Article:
Widely considered a neurological condition, dyslexia is often present at birth. Therefore, children may start to exhibit signs of the disorder as infants or toddlers. Early signs of dyslexia are not directly related to reading since the youngest learners haven’t developed this skill yet. However, these young children do show signs of dyslexia that, if caught early, can help lead to a diagnosis and proper intervention.
Early Signs of Dyslexia
For many young children, the earliest indications of a learning difference appear as speaking difficulties. For example, many preschoolers will use persistent “baby talk” or have trouble associating simple rhyming words. Another common sign that many young children experience is having trouble recognizing or spelling their names. Some additional early signs of the disorder include:
Trouble learning nursery rhymes
Difficulty remembering the letters of the alphabet and their sounds
Mispronouncing words or letter sounds
Struggling to retell stories they are familiar with
Avoiding story time and follow-along reading activities
A family history of dyslexia
Early signs of dyslexia can vary between individuals and age groups. Any one child may exhibit some or all of the typical symptoms to varying degrees. For example, some children may struggle significantly with speech patterns and letter sounds, while others struggle with rhyming.
Experiencing multiple symptoms does not automatically indicate a severe learning disorder. Each child must undergo personalized screening to assess the type and severity of their learning disparities. Additionally, the screening tool used should take each child’s situation, such as the primary language spoken at home, into consideration.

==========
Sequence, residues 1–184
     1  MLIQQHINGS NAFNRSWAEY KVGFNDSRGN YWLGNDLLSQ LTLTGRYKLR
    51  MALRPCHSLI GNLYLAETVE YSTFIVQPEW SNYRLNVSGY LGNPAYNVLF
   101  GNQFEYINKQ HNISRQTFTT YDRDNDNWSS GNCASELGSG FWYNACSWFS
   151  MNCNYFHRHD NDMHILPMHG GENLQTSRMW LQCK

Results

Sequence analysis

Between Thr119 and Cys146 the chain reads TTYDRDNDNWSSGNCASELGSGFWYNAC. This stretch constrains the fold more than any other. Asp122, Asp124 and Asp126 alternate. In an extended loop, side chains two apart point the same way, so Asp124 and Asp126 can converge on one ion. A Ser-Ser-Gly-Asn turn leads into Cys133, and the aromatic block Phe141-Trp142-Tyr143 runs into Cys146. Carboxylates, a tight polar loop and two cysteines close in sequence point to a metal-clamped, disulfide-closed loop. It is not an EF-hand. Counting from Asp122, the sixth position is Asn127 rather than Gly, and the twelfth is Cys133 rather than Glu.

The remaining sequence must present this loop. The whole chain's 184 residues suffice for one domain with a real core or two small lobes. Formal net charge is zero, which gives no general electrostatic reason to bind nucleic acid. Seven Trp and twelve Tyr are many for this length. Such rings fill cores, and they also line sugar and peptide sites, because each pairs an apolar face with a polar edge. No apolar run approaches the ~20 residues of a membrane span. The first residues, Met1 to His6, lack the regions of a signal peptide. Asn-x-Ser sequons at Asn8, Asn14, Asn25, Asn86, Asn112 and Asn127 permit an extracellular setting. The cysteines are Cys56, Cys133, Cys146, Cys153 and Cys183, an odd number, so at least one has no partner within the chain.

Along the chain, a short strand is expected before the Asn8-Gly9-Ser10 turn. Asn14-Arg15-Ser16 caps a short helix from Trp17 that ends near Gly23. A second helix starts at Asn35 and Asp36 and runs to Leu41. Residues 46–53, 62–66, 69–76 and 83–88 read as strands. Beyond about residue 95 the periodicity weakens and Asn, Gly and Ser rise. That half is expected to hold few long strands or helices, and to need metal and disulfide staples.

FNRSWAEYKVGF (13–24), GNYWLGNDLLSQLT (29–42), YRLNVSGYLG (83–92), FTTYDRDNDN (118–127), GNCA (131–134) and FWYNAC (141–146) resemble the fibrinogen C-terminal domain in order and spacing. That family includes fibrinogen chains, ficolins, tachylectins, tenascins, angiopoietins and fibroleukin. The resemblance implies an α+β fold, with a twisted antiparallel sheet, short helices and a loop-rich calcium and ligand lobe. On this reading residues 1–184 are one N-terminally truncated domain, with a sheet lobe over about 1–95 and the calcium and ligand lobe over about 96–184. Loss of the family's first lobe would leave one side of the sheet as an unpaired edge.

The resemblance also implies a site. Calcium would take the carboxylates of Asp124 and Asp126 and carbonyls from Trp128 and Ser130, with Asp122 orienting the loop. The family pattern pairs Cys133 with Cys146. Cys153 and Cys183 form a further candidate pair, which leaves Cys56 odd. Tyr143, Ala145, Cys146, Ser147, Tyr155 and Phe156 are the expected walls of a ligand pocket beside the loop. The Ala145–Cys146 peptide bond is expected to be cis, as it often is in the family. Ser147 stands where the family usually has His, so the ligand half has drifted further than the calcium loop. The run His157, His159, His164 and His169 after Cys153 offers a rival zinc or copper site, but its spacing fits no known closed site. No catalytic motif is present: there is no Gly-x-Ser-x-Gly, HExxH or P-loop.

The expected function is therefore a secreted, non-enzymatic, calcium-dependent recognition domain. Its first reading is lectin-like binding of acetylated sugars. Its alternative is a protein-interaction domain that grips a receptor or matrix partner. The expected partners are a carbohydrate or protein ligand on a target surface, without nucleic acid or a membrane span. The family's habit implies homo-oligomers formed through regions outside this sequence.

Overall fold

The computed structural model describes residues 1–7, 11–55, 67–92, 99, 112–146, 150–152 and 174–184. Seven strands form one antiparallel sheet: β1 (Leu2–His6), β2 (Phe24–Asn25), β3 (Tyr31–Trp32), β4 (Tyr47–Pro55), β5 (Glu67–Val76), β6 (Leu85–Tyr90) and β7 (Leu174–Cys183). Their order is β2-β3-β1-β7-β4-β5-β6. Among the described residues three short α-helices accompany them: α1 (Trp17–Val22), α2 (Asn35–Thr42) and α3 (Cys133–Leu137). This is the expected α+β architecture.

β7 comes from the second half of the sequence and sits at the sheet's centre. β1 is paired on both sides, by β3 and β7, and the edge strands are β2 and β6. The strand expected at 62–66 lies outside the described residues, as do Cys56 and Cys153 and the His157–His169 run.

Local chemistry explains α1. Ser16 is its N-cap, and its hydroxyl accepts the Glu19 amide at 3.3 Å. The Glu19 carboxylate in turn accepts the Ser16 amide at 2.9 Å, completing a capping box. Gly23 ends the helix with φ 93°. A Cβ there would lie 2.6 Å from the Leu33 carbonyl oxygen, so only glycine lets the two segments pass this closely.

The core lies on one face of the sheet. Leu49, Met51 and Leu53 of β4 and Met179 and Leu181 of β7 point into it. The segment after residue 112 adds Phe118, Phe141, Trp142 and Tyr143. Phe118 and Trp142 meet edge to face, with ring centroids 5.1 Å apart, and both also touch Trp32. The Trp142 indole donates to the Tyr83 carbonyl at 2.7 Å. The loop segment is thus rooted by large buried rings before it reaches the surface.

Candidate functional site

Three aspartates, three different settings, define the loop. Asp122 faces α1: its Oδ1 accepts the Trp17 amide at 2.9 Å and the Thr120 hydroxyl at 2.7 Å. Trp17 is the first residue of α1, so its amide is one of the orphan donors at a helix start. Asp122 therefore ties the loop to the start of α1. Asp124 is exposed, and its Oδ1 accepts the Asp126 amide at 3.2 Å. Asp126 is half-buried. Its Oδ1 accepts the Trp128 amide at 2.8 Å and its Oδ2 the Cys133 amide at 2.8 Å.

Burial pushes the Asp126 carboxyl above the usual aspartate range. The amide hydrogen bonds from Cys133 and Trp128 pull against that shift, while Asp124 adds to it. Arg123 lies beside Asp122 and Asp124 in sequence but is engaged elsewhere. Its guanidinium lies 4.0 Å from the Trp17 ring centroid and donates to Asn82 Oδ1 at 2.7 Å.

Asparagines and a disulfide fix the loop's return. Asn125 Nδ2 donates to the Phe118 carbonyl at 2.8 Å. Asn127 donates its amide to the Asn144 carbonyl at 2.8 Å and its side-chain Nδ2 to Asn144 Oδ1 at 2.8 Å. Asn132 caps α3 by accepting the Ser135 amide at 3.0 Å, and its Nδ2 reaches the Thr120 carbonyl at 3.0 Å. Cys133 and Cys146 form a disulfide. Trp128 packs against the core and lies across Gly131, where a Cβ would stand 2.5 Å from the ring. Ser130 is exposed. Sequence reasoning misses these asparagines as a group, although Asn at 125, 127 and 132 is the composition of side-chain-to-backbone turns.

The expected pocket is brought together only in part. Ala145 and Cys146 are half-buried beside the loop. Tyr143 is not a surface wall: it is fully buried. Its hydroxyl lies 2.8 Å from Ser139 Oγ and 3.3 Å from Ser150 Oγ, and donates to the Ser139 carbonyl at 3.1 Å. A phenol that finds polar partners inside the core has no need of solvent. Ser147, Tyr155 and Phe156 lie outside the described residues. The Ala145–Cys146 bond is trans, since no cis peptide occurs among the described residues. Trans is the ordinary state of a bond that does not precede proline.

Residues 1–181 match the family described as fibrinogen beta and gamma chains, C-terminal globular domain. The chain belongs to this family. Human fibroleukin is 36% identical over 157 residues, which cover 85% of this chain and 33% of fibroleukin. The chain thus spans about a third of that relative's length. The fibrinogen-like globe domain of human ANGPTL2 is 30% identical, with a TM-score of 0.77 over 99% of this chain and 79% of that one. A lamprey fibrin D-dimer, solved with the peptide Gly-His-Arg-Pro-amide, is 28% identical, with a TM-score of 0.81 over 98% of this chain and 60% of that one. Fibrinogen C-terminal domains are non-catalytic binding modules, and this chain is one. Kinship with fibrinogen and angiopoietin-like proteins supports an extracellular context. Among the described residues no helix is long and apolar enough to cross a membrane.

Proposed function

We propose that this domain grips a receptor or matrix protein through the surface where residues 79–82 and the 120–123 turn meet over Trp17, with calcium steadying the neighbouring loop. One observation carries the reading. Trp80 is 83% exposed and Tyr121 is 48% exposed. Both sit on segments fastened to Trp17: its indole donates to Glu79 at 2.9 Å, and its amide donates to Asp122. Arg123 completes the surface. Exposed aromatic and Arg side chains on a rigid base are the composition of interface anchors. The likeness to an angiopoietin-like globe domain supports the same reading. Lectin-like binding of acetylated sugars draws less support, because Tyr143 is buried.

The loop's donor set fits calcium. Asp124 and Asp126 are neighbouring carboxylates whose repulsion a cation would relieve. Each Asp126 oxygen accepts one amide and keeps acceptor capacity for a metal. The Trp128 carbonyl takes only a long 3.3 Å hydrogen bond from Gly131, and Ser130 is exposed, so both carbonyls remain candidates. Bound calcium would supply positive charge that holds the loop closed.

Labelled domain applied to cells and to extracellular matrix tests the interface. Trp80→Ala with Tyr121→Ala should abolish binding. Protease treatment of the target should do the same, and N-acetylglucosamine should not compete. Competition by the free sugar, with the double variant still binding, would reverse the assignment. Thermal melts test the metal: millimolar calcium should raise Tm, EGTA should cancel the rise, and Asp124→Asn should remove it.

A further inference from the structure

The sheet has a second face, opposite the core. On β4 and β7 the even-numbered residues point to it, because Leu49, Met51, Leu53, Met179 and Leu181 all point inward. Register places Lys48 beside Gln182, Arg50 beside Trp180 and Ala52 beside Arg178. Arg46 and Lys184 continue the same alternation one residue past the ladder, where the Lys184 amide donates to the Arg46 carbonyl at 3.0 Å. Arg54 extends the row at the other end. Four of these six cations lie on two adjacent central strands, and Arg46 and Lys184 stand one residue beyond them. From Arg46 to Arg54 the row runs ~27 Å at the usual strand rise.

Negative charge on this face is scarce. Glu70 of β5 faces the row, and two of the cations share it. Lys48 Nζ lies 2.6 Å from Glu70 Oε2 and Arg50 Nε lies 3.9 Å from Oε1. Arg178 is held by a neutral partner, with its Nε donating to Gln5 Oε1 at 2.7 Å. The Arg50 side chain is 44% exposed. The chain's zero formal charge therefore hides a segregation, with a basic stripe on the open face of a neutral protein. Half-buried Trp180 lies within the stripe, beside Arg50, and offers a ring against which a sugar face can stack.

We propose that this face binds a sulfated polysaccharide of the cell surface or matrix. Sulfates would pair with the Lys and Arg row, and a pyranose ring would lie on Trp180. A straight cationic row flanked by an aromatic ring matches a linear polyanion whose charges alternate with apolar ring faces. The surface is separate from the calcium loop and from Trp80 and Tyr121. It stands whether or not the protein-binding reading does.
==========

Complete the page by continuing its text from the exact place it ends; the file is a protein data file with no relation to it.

It is crucial to understand that signs displayed by a toddler or preschooler will be very different from those in a primary school student. However, recognizing early signs through observations and widespread dyslexia assessments can lead to effective interventions.
Early Signs of Dyslexia in Older Children
Signs of dyslexia change as children age and progress through school. Therefore, if
there is no detection in the preschool years, the following behaviors could be indicative of learning difficulties, including dyslexia:
Difficulty decoding simple words
Trouble with phonetic spelling
Avoiding reading and story-based activities
A lack of association between letters and their sounds
Better listening comprehension compared to reading comprehension
Students exhibiting these behaviors and challenges require additional support. Assessments, such as the Tests of Dyslexia (TOD™), can effectively identify dyslexia in children and allow for appropriate intervention.
Impacts of Dyslexia on School Success
Regular and widespread testing for dyslexia and other learning differences is crucial for school success. Children with dyslexia need support specific to their condition to learn effectively, gain self-confidence, and build proper social bonds with classmates.
According to the National Center for Improving Literacy, early identification of learning difficulties helps prevent their cumulative effects, which can stretch beyond academia.
Assessment Tools for an Early Diagnosis
Blanket screening is an effective strategy for identifying dyslexia in young learners. Visit WPS to learn more about how assessment tools can help kids succeed in school.